If you want to see one of the best working comics writers saddled with way too much expositional busywork, TRINITY OF SIN: THE PHANTOM STRANGER: FUTURE’S END #1 by J.M. DeMatteis and Phil Winslade is one to check out.
DeMatteis finds some strong moments in these pages, God as a fluffy little dog that strikes Old Testament fear into the hearts of those who see Him is some classic stuff, and the moment when he turns the Stranger away so that He can dish out some punishment that would turn the Stranger’s hair even whiter is one of the best scenes I’ve read all month.
This month, as every month, THE PHANTOM STRANGER isn’t a bad comic. It has tremendous talent backing it up, it opens doors for J.M. DeMatteis to explore some interesting corners of DC’s supernatural underworld, and I like the idea of DC comics versions of Biblical characters. I just can’t warm up to a PHANTOM STRANGER series dedicated to rubbing out every last trace of mystery to the character.
And if we’re being honest, themes of redemption are played to death in superhero stories, and it gets especially tiring when you’re dealing with a more philosophical character like the Stranger, necessitating constant introspective monologues about the subject of redemption. I swear the Stranger says “redemption” more in any given issue than I have in the review of that issue.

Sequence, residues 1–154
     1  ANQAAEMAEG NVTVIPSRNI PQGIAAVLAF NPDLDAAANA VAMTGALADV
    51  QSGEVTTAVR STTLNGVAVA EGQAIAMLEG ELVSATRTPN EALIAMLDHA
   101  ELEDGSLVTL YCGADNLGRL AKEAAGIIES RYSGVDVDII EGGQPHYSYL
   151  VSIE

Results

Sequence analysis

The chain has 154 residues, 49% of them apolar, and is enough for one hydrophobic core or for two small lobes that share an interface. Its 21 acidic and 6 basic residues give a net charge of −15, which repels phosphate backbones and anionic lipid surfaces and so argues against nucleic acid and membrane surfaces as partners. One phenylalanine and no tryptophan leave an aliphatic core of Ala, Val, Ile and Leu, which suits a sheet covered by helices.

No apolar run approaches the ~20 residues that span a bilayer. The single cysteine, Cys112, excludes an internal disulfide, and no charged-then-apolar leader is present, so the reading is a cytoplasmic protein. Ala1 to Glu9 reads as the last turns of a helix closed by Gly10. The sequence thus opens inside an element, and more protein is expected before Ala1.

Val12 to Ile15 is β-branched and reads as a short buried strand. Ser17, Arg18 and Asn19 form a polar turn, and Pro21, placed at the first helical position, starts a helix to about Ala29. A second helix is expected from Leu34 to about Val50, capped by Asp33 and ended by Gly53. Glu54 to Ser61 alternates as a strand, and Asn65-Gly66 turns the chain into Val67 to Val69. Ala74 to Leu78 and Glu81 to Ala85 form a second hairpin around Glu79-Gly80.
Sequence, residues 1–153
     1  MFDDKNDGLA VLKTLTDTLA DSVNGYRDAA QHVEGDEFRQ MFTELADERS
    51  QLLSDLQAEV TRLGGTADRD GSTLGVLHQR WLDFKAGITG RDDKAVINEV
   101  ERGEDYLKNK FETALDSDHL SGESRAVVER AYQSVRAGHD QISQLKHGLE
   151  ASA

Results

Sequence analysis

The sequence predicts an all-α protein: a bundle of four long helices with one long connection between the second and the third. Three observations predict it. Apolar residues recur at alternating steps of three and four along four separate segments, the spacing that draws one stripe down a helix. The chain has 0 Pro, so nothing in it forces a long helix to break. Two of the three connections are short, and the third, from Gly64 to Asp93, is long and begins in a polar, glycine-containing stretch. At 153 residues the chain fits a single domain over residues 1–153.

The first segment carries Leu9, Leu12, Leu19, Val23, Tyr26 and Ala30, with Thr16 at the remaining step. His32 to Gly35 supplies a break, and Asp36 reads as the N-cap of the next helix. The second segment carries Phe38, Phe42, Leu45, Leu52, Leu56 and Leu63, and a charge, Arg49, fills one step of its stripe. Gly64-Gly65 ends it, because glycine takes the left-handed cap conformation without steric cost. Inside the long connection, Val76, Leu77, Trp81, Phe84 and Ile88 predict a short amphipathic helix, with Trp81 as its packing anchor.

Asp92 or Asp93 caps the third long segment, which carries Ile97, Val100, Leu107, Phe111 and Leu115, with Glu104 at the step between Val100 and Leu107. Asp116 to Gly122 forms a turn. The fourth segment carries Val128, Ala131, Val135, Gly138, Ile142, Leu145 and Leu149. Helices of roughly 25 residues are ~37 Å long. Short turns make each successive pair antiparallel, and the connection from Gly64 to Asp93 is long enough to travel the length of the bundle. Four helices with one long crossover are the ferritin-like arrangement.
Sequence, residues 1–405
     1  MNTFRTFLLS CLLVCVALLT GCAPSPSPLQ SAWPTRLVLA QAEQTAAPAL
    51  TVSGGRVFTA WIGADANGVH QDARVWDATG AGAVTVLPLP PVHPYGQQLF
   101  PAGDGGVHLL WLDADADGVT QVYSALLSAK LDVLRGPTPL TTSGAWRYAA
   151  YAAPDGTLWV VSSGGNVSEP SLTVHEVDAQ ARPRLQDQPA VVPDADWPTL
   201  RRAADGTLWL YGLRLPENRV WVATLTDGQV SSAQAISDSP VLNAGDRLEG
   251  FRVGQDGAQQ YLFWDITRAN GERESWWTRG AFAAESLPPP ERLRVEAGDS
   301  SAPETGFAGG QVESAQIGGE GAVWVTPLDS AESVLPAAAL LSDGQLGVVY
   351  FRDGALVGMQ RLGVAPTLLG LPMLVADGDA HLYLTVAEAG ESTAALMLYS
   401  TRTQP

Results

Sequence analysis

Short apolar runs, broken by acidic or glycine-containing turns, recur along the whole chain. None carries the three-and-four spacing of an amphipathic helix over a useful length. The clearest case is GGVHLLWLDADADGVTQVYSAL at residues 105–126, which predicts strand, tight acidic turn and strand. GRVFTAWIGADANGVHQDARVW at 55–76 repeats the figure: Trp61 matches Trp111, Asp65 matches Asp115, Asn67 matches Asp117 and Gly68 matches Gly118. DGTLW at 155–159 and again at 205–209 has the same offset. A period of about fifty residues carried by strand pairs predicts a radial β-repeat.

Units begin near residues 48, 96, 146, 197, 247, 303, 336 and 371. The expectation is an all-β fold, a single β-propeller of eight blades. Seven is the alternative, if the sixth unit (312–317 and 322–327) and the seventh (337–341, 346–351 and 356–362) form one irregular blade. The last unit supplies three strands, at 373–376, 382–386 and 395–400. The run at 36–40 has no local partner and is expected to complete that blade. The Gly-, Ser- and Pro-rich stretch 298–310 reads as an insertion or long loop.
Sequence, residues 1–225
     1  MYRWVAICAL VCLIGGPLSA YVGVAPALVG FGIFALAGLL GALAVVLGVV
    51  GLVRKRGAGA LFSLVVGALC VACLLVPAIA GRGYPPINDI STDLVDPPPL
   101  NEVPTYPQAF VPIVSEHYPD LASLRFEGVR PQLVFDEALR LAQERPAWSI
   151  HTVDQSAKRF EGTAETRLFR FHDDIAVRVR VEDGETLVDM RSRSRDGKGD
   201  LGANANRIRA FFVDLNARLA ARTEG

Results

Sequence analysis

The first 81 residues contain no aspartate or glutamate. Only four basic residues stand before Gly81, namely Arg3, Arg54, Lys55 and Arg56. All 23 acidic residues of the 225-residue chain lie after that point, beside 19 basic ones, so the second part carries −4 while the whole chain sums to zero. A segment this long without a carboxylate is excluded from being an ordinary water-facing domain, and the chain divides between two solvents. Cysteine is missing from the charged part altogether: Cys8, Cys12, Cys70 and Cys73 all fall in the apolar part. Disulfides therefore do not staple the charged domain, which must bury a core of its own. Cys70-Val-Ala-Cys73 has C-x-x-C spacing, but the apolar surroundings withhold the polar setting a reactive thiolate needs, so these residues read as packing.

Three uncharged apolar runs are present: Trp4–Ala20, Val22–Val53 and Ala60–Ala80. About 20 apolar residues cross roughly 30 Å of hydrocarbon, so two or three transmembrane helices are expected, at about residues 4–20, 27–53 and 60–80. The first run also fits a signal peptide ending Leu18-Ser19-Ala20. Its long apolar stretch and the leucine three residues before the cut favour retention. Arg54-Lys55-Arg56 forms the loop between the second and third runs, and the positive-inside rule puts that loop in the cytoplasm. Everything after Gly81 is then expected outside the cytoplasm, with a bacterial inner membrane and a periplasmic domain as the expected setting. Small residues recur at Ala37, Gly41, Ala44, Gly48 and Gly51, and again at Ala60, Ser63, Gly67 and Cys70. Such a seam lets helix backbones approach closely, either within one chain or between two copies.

DeMatteis makes this the best over-explained Phantom Stranger possible, but it’s still an over-explained Phantom Stranger. On JUSTICE LEAGUE DARK DeMatteis is a marathon Parkour runner, navigating tricky obstacles with ease and never stopping to catch his breath. On PHANTOM STRANGER, it feels as if he’s being asked to do the same with his shoelaces tied together.
J.M. DeMatteis is never boring. He always finds some great ideas even in the tedium of all-exposition assignments.
The New 52 Phantom Stranger has had a lot of problems right from the start, and they’re only compounded by the exposition dump that is Future’s End.
I could read J.M. DeMatteis writing the phonebook, but I’d rather read him writing characters not bound by such predictable themes.